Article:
BVC - From the Society...

chuck_graves@mmacmail.jccbi.gov chuck_graves at mmacmail.jccbi.gov
Mon Jun 14 10:39:05 PDT 1999


Greetings to Mistress Tetchubah.
     
Your letter to the Exchequers and Brewers of the Known World was posted 
to our e-mail list today.
     
To say the very least, I am disappointed in its content.  Not so much 
for the notification regarding materials for the manufacture of 
alcohol.  Rather, I am concerned with the apparent move by the BoD to 
restrict the free flow of information within the Society.
     
Frankly, when the BoD notified us last year that we could no longer 
purchase alcohol for immediate consumption at SCA events, I was 
relieved.  The move to include basic materials for the same is no 
surprise.  It simply closes a loophole in the previous ruling.
     
My chief concern is with the following:
     
     >Further discussion with Andrew also revealed that local brewer's 
     >newsletters are putting us in insurance peril if they focus on 
     >redacting recipes or publishing new recipes developed by members of 
     >the guild.
     
This is nothing short of censorship.  Personally, I cannot comprehend 
how content in ANY such newsletter could imperil our insurance status.  
If we were to wander too far afield, I can see it impinging on our 
nonprofit status.  Printing our favorite modern recipes without regard 
for our medieval focus could be damning.  However, the few brewing 
newsletters I have seen are produced with an eye to medieval research.
     
While it may seem trite, we are attempting to re-create medieval works. 
Redaction is an implicit element in brewing as much as cooking.  If you 
truly intend to do this, make sure you take away the cookbooks from the 
cooks, and the portraits, effigies, and rubbings, from the costumers.  
If the brewers are not allowed to perform our research AND disseminate 
our findings, neither should anyone else.
     
Forgive me.  I did not intend a tirade.  I am simply frustrated with 
where this is taking us.
     
You noted that:
     
     >they [funds raised for brewing guilds] may be used for other 
     >purposes such as subsidizing a local event or feast, or a brewer's 
     >newsletter as long as the focus of that newsletter is educational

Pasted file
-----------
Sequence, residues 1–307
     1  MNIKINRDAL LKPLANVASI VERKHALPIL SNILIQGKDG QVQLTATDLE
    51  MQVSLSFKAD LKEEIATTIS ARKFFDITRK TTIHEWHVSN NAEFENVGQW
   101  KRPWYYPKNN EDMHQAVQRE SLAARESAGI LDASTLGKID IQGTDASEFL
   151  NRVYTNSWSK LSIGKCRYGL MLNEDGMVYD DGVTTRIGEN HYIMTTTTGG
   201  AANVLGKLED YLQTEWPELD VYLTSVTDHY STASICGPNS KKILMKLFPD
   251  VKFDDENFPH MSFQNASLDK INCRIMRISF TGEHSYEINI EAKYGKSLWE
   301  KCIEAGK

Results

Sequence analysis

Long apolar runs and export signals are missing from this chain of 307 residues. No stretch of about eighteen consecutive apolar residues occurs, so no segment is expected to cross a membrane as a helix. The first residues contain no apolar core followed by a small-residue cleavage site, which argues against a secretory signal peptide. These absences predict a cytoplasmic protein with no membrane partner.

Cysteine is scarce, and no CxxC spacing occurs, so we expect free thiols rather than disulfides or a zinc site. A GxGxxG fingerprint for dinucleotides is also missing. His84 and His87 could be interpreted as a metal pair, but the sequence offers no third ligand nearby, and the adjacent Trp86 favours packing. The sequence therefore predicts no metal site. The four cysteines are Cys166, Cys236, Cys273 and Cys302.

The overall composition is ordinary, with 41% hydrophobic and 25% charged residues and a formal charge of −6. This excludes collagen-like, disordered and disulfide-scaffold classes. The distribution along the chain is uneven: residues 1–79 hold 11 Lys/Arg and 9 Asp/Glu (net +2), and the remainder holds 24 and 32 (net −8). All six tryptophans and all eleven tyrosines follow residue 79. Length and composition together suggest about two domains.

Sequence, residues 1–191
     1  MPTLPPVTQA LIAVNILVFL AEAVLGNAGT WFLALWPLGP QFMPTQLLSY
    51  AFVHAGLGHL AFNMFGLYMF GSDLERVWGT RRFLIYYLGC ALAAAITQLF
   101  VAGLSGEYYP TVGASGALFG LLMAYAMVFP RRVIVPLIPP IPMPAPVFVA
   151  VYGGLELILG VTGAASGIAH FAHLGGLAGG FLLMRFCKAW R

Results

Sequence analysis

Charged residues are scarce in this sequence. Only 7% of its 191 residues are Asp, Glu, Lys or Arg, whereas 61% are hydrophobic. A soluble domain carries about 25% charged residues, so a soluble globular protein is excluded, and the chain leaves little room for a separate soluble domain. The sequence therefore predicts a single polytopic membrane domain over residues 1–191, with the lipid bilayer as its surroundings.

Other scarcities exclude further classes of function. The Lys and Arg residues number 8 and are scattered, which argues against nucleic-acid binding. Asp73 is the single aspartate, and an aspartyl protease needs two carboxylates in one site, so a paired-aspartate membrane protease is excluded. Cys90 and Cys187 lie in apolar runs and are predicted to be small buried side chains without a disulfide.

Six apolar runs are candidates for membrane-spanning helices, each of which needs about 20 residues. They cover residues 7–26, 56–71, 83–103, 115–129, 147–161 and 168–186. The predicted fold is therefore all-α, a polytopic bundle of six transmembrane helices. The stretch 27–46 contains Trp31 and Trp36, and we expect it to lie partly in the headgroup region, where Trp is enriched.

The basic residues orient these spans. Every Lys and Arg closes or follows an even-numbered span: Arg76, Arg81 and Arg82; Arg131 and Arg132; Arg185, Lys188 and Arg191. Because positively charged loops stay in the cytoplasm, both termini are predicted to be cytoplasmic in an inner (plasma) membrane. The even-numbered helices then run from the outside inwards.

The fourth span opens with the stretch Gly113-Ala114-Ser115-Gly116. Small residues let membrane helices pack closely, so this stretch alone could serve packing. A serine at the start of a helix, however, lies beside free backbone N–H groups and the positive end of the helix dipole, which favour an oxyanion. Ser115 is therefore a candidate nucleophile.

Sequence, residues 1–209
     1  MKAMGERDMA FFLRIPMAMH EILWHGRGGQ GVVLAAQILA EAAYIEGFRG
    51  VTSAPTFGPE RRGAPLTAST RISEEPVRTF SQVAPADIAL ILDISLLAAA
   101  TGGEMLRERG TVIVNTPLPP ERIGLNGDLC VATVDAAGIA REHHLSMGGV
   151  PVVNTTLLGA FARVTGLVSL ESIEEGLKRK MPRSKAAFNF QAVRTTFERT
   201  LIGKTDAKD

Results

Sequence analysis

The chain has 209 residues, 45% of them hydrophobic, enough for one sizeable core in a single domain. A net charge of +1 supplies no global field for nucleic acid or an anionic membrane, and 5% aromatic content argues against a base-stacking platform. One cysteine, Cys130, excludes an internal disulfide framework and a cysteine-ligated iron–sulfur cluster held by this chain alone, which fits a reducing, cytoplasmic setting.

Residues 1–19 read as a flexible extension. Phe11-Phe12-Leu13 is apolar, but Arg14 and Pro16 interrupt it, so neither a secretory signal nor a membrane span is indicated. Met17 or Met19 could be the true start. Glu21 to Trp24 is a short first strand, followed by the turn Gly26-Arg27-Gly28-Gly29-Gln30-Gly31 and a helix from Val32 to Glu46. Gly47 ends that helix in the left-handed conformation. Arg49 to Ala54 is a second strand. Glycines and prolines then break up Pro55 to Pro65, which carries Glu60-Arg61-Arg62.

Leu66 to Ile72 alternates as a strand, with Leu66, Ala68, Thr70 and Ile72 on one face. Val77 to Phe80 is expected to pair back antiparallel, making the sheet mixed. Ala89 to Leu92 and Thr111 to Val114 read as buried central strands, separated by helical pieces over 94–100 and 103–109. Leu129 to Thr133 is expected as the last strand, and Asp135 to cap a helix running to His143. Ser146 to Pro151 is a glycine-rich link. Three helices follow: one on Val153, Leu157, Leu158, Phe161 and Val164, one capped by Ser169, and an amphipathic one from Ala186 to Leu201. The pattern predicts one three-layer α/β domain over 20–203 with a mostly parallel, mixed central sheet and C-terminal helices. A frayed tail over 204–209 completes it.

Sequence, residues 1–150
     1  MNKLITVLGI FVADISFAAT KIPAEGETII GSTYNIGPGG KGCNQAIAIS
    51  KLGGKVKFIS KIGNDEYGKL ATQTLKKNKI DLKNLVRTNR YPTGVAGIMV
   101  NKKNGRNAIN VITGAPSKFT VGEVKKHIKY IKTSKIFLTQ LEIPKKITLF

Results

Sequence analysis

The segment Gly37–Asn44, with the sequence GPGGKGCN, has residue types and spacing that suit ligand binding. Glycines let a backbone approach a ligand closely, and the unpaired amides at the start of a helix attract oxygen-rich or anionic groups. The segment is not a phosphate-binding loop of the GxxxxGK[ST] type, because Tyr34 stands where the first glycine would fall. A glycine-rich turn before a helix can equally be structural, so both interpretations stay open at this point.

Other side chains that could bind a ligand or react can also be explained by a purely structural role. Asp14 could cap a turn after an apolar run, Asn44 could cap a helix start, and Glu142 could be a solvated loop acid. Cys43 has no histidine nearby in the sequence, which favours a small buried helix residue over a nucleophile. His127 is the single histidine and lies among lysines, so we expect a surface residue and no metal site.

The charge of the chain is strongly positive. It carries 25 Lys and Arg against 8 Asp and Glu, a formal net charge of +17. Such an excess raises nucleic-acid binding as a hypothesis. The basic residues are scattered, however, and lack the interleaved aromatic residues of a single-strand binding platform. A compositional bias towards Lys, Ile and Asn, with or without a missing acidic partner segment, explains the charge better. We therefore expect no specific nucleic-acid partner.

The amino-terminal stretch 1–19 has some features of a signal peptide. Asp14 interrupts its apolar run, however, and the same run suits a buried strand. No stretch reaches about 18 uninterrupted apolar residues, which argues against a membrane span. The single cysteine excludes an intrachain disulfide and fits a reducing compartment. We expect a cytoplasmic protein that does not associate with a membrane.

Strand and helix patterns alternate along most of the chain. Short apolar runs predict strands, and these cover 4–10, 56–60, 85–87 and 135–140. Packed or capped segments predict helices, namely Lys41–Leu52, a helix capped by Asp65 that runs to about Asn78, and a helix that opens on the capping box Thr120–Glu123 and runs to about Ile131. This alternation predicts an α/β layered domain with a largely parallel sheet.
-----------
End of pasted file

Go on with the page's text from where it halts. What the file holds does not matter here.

>and/or scholarly research of alcohol in period use.  Recipes are 
     >acceptable as long as they are period recipes. In other words, "This 
     >is what they actually did ..." as opposed to "Here's a great recipe 
     >you should try."
     
Again, this amounts to censorship.  SCA-sponsored censorship.  The very 
concept sickens me.  Frankly, I cannot see how you could enforce it.  And 
if it were done, I would expect the same attention to be paid to other 
guild newsletters such as those for weaving, costuming, or dancing.  Not 
appropriate, not printed!
     
     >The raising of future funds by the brewer's guilds should not be 
     >encouraged.  Any fund raising must be done as individuals for 
     >individuals by individuals.  The SCA will not be involved in any 
     >fundraising for the brewer's guild, either directly or indirectly.  
     >Money raised should NOT be deposited into an SCA account, and 
     >donations by check or money order should be made to the person 
     >organizing the fundraising or any other person in charge of the 
     >effort - NOT to the SCA, Inc.  Money raised is not tax deductible by 
     >the donor as it is not being donated to the SCA.
     
This is simply going TOO FAR.  From what I gather, a policy has been 
established by the BoD regarding alcohol to the effect of:
     
     The SCA will NOT purchase or distribute alcoholic beverages for 
     immediate consumption at ANY SCA-sponsored event.  This includes 
     any commercial and homemade beverages, and supplies and materials 
     for the production of homemade beverages.  
     
     The sole exception being those materials used specifically for 
     cooking.
     
I should think that policy would be sufficient to satisfy any insurance 
issues.  
     
To my way of thinking, your notice to the general public has heinous 
repercussions:
     
     Restricting reconstruction or re-creation of a medieval work; 
     Restricting the dissemination of information regarding that work; 
     Restricting the intellectual efforts of a small segment of the SCA.
     
Our works are not criminal and I cannot see how they imperil the Society.
     
Please consider what I say.  If I am in error, correct me.  If I have 
overlooked something, enlighten me.  
     
One last question.  What about brewing classes taught to the general 
populace at SCA events?  What about Colleges, Universities, Collegia, etc.?
     
I look forward to you reply.
     
Sincerely,
Tadhg macAedain uiChonchobhair

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